In the good old days of healthcare, most of the weak eventually fell under the bus while the strong vroomed merrily down the road. Now it's not enough to be strong. Hospitals have to be at their absolute strongest, which may necessitate mergers even for hospitals that are operating in the black. That sign of the times is exemplified in the latest merger news from the Albany, N.Y., region. And in separate but definitely related news, merger-and-acquisition activity is on an upward trajectory in the hospital sector, and buyout firms are looking for deals, said Scott Mackesy, a general partner with Welsh Carson Anderson & Stowe, at the Dow Jones Limited Partner Summit in New York, reports the Wall Street Journal blog Private Equity Beat. "Near term, it's going to be a fairly good business," he said. "Longer term, there are tons of fundamental challenges."
In the New York deal, three profitable health systems--Albany-based St. Peter's Health Care Services and the two Troy-based systems, Seton Health and Northeast Health--have formalized plans to merge and form a new nonprofit corporation after 17 months of talks, reports the Albany Business Review. The as-yet-unnamed regional powerhouse will include five hospitals and 12,000 employees. The organization will be secular but operate as an affiliate of St. Peter's parent, Catholic Health East.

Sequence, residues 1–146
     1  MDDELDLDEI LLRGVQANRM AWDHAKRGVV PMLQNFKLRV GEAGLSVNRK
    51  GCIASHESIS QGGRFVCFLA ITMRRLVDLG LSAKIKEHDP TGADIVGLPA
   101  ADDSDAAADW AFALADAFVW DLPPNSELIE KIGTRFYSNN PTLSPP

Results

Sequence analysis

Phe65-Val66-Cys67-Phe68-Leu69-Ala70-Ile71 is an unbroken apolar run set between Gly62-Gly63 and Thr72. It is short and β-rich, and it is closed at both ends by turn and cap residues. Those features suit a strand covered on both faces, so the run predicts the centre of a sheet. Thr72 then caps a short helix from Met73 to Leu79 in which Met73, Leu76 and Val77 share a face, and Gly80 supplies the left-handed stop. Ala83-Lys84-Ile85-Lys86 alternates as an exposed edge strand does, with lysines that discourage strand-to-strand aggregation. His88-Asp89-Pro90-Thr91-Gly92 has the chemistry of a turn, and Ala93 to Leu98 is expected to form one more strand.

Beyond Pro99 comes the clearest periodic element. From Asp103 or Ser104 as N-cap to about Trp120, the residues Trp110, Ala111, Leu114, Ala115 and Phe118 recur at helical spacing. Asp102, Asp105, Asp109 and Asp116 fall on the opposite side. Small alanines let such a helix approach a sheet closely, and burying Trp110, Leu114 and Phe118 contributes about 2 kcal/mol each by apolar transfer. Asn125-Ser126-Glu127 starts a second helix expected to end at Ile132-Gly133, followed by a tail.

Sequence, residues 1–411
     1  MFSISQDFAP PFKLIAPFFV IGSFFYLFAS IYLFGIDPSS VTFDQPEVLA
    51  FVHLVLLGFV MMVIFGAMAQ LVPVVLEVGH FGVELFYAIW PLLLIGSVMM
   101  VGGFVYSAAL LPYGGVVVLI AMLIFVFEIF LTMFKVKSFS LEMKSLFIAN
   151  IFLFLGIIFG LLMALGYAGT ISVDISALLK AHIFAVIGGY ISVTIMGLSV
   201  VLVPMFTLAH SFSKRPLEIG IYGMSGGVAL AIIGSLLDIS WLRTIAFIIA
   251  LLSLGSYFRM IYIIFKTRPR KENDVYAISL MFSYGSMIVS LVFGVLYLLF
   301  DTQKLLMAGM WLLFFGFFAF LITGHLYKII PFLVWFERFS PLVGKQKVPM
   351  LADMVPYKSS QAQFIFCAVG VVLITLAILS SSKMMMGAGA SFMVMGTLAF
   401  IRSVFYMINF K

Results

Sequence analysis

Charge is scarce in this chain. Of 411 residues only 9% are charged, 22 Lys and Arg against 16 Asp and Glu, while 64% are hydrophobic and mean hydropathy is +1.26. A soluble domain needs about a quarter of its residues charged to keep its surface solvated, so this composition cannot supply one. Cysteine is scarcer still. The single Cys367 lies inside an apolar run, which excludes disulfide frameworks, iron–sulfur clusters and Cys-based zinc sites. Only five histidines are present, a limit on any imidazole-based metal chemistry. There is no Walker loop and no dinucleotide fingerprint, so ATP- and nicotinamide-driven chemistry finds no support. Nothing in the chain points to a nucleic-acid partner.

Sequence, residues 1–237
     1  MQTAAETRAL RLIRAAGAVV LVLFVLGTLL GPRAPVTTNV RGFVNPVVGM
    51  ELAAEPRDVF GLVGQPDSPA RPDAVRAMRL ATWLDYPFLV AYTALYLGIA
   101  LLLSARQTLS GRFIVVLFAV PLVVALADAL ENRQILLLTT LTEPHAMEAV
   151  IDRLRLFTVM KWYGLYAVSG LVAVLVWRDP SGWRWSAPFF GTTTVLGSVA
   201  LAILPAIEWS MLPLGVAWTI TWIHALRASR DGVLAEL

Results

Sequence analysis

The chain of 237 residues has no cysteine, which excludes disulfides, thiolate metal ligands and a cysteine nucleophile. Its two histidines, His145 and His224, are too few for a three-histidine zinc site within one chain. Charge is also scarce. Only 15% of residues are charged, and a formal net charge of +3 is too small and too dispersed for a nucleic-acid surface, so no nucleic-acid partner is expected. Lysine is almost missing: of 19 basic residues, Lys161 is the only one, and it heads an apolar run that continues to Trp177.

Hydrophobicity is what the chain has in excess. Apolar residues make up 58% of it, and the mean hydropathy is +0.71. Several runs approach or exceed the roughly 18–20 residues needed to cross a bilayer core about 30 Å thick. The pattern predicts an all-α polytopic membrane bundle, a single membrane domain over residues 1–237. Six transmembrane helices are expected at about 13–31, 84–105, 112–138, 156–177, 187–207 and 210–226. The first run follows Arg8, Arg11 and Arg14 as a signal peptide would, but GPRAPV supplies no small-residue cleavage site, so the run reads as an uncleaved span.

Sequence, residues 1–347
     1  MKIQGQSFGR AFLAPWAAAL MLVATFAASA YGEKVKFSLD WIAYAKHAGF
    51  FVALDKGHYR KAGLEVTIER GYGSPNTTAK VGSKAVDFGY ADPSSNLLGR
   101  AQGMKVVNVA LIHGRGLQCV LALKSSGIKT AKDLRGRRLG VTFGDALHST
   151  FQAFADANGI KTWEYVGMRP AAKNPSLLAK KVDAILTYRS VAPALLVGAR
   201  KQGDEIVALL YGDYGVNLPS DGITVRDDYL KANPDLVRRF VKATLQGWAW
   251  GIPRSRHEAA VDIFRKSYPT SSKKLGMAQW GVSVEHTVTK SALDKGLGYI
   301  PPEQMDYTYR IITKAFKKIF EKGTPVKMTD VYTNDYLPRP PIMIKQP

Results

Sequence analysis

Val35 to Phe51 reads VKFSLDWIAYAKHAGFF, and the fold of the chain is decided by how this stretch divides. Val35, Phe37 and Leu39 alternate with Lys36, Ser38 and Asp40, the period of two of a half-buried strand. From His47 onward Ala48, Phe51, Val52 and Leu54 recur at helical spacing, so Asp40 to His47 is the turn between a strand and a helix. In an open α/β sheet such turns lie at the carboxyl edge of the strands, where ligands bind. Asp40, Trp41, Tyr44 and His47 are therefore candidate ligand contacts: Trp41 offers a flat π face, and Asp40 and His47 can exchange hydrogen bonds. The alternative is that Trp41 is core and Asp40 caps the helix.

The merger will position the hospital systems to withstand the winds of health reform and the "continuous state cuts" in Medicaid funding, St. Peter's President and CEO Steven Boyle told the Business Review.
Seton Health CEO and President Gino Pazzaglini concurred. "We wanted to design a system that would allow us to survive under these harsh (economic) conditions," he told the Troy Record. "We recognize that we're economic engines in our communities ... bottom line, this new design is going to be better for our patients."
The three health systems have set a preliminary estimate at $55 million to make hospital improvements.
To learn more:
- read the Wall Street Journal blog post
- read this Albany Business Review article
- read this Troy Record article
- read the hospitals' announcement
- read this Kaiser Health News merger roundup